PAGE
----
I’m sure the Tower of London was already on your list of must-sees and it’s no wonder why. The Tower houses the crown jewels and quite a few tales of mystery, murder, spying, lies, and torture. You will be able to join the famous Yeoman Warder tour and be entertained with stories of England and English royalty I’ll bet wasn’t in your history books. You’ll see the instruments of torture that political prisoners and heretics were subjected to and you’ll learn of the famous people who met their end in that very place.
Online Ticket Price: £22.70
On-site Ticket Price: £26.80
While you wander through the Abbey, you’ll be struck by how much history is in one place. The Abbey is the final resting spot of kings and queens as well as the place where many other people of note have been memorialized. There is even a statue honoring Martin Luther King Jr. The cost of admission includes a free audio-guide so you are able to go at your own pace and soak in thousands of years of history.
Online Price: £20
On-site Price – £22
I firmly believe in taking part in cheesy touristy things when you visit a new destination because who knows when you’ll be back. Be a tourist while you are a tourist! Because you don’t want to look back and wish you had done XYZ. So with that said when you go to London you should get your pic with Big Ben. If only because it’s a beautiful clock tower and makes for a pretty nice backdrop.
St. Paul’s Cathedral
St. Paul’s Cathedral is simply breath-taking. It’s an architectural masterpiece and a historical treasure. It was also the site of the Royal Wedding of Lady Diana and Prince Charles, and Winston Churchill’s funeral. But what really sets this stunning cathedral apart from all the other stunning cathedrals is The Whispering Gallery.
I cannot for the life of me tell you why or how but because of the way the Whispering Gallery is constructed a whispered word spoken against its walls can be heard on the opposite side of the room. It truly is amazing and I want to give a shout-out right now to the kid who decided to whisper words in Parseltongue and managed to make us all laugh and thoroughly creeped us out at the same time.
Now, you should know that if you want to visit the Whispering Gallery, you’re going to have to work for it. You have to climb 257 steps to reach the dome and much like the steps to the top of the Effiel Tower, these steps are designed to kill you before you get there, but if you do survive you’re in for a treat.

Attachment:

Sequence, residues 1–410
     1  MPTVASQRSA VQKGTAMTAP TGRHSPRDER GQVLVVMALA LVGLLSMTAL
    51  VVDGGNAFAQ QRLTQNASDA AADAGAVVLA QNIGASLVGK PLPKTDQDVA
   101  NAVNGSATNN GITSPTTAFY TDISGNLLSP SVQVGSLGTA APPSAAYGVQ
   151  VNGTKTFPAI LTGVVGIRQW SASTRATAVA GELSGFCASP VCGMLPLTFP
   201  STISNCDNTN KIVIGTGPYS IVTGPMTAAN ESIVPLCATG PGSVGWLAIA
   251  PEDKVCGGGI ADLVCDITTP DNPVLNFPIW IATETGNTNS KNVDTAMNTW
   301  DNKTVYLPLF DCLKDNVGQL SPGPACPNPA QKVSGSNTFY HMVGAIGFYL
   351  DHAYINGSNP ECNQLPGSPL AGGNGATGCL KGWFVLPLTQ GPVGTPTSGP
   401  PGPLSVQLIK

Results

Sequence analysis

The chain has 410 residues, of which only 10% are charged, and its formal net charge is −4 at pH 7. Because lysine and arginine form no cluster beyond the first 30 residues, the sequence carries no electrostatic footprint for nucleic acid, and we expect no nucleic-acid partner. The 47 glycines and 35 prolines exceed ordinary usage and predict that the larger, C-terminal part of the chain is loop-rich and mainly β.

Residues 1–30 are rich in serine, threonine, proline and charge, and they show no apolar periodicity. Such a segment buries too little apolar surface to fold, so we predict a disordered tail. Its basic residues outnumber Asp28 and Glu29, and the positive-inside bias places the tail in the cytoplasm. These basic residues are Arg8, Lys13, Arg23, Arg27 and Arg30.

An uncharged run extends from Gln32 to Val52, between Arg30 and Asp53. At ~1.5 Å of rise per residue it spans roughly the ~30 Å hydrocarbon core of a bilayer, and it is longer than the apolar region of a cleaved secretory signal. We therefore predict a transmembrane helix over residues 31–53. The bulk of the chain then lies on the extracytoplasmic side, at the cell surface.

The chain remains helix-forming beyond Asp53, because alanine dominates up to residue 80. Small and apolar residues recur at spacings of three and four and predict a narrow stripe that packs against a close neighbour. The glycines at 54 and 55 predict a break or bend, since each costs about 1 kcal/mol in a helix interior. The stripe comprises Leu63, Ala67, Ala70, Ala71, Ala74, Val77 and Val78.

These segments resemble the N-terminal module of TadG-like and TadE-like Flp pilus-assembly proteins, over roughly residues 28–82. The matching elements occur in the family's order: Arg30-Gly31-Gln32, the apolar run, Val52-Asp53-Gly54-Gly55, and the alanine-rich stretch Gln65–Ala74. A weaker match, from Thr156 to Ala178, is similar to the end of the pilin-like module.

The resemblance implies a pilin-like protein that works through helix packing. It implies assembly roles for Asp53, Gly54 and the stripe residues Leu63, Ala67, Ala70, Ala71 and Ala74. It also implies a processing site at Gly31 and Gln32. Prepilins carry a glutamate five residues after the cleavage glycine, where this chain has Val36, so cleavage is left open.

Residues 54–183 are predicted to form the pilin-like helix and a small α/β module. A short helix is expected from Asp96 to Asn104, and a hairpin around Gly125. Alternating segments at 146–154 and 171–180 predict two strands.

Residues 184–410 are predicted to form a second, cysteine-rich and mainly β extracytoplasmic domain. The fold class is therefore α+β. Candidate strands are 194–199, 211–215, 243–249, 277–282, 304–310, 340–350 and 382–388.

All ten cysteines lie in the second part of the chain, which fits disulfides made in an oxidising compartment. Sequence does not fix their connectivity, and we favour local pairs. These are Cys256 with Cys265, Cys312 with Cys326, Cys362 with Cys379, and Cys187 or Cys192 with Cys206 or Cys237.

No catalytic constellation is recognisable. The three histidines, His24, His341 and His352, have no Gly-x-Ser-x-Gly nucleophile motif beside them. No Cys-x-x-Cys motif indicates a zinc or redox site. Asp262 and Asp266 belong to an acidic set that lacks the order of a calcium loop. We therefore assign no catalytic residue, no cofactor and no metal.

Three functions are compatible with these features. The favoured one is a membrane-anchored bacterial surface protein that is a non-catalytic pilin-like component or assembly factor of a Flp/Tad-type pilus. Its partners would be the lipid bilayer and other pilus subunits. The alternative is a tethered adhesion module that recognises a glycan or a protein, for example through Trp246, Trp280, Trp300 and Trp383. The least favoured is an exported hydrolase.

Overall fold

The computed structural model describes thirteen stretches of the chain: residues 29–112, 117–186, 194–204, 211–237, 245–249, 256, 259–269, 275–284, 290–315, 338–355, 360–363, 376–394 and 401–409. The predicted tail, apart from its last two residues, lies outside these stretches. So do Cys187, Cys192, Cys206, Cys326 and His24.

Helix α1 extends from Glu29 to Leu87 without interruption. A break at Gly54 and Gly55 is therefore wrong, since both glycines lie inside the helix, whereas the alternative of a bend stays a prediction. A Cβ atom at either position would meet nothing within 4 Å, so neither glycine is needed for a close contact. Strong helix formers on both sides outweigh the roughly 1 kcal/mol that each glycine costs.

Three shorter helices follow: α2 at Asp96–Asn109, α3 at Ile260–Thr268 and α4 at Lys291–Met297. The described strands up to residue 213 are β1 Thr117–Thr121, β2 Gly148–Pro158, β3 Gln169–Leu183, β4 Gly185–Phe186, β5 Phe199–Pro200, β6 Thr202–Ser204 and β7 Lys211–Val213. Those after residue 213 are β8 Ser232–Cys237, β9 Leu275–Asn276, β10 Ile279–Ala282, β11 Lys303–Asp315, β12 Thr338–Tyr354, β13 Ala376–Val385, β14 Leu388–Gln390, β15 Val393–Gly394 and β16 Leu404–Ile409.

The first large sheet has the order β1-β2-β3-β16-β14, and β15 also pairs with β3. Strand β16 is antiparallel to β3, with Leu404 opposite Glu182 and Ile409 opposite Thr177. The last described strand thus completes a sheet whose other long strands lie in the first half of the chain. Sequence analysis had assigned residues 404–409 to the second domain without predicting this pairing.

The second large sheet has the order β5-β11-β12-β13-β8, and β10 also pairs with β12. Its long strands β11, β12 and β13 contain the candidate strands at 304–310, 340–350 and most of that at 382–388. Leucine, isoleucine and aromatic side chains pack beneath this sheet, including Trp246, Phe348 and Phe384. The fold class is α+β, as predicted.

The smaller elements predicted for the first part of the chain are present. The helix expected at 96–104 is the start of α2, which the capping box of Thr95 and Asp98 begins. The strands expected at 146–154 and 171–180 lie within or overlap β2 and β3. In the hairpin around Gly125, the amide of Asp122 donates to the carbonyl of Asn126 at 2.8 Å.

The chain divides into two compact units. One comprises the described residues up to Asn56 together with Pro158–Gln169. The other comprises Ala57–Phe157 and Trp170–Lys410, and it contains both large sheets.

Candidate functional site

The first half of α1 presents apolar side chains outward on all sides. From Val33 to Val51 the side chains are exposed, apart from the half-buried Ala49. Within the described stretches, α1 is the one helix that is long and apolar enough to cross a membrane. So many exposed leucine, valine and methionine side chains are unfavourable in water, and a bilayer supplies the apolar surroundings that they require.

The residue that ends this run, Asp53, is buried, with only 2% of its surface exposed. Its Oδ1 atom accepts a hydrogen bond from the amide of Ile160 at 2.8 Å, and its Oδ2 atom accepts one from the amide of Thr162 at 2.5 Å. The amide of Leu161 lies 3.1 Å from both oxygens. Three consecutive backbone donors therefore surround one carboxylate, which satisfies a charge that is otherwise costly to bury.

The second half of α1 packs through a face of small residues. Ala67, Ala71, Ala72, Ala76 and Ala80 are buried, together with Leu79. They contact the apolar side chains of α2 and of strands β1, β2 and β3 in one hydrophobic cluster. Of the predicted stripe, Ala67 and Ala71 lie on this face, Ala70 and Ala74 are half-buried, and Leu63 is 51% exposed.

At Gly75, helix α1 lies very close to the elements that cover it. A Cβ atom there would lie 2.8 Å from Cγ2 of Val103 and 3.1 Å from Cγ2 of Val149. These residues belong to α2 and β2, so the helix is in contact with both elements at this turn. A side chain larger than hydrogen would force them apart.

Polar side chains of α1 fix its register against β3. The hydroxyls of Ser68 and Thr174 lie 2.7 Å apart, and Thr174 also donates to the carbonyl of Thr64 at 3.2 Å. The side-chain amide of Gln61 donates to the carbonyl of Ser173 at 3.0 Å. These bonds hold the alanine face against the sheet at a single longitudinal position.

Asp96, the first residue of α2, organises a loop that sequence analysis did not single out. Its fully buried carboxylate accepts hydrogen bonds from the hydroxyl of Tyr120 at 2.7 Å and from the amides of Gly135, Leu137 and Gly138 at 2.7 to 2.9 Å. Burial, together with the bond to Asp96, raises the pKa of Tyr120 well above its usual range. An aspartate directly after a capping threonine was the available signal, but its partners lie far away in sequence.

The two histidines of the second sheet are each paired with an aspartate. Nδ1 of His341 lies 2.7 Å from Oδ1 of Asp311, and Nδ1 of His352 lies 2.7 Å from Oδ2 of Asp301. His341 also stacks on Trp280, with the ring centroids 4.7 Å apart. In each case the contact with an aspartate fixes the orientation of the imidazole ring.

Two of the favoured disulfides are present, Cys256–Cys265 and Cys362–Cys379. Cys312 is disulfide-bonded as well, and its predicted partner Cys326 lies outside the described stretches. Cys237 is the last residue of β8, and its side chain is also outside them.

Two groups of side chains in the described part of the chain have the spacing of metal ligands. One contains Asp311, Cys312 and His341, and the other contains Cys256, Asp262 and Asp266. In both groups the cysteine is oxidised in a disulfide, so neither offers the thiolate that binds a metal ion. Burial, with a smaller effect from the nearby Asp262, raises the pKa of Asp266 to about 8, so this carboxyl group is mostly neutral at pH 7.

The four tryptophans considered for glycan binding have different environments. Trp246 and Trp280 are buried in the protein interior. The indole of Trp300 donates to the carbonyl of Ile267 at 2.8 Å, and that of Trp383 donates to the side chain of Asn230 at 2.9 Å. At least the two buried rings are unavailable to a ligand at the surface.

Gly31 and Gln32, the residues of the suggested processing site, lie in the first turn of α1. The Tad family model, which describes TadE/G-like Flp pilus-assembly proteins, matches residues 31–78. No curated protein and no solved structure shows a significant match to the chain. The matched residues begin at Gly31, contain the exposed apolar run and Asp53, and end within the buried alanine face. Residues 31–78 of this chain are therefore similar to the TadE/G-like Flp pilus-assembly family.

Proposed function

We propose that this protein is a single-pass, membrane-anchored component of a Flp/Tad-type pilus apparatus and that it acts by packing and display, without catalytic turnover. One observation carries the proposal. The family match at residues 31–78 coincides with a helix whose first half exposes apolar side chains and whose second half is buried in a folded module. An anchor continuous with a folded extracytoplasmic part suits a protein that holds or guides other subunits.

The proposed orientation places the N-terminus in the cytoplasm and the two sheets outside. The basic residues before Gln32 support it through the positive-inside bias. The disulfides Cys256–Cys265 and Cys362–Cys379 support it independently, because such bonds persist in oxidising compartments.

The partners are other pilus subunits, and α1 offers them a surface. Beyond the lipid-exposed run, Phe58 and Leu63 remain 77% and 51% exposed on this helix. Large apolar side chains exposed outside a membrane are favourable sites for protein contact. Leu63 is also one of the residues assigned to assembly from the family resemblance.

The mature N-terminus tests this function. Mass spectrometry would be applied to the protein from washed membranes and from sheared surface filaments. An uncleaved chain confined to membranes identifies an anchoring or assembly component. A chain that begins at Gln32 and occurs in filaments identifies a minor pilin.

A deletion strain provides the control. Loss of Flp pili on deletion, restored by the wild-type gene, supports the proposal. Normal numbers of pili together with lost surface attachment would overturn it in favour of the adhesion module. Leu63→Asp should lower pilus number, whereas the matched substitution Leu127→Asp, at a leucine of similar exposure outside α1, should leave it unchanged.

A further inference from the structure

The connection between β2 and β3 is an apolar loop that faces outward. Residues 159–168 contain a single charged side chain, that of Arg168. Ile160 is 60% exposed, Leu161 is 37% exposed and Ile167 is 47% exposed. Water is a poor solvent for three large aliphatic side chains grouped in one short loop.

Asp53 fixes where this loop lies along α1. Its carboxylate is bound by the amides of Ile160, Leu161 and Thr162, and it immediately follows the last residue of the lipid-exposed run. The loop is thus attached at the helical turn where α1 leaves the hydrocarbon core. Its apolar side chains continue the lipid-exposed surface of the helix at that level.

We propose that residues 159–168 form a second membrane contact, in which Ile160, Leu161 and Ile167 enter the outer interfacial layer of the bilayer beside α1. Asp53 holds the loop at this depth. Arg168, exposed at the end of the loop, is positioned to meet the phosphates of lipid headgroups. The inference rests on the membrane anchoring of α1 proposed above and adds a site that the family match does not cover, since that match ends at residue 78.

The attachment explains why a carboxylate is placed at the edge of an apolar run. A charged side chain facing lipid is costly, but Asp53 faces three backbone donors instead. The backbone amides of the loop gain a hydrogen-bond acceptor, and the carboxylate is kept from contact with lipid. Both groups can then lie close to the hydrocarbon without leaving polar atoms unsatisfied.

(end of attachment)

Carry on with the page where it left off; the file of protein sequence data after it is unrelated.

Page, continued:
So like all other travelers before me have suggested, you should head over to Buckingham Palace, take a ridiculous amount of selfies, see the changing of the guard and explore the Queen’s official residence. Sadly, I didn’t get to do any of those things because the day I went to visit the Palace the Queen was opening Parliment. There were guards, parades, cannon blasts, the whole place was roped off and the Queen emerged in her fancy carriage while all us peasants watched a safe distance away.
So I guess I shouldn’t say ‘sadly’ because it was pretty cool to witness the whole ceremony and it’s not something many travelers get to take part in. So if you can, visit the Palace when the Queen is on her way to open Parliment. If not, then you certainly won’t be disappointed getting to enjoy the standard tourist experience.
If you’re looking for some peace and quiet and a place to walk around and experience the beauty of nature then Kensington Gardens checks off all the boxes. There usually aren’t as many people about so you can find a quiet spot to sit and write in your journal. You can take a few pictures of the magnificent gardens and just slow down for a bit after days of rushing from museum to museum and attraction to attraction.
- Consider A London Pass: The London Pass grants you free entry to over 80 museums, attractions, and tours around London. The price of the pass adds up to less than what you would have paid if you went to all these attractions without it. So if you plan on doing a lot of sight-seeing and attraction-hopping it would be worth it to buy the pass and save yourself a bit of money.
- Book Online: Even if you don’t opt for the London Pass, you can find other ways to keep costs down. Booking online can grant you a discount at some attractions, like the London Eye for example.
- Planning a Day Trip to Oxford? Then read Day-Tripping in Oxford next!
- Keep your things on you and never leave them unattended. If you want to go a step further, keep your things in an anti-theft bag that will lock your zippers and prevent the more determined thieves from cutting through your straps and taking off.
- Make sure no one is hanging about when you’re withdrawing money from an ATM and that the machine hasn’t been tampered with.
- If you’re out alone at night, stay in well-lit areas preferably with a lot of people around and be aware of your surroundings.
- For more solo travel tips and items, read Solo Female Travel Safety Tips and Solo Travel Safety Items next.
I hope you enjoyed my London Solo Female Travel Mini Guide and that you have a better time there than I did. Good luck and Happy Travels!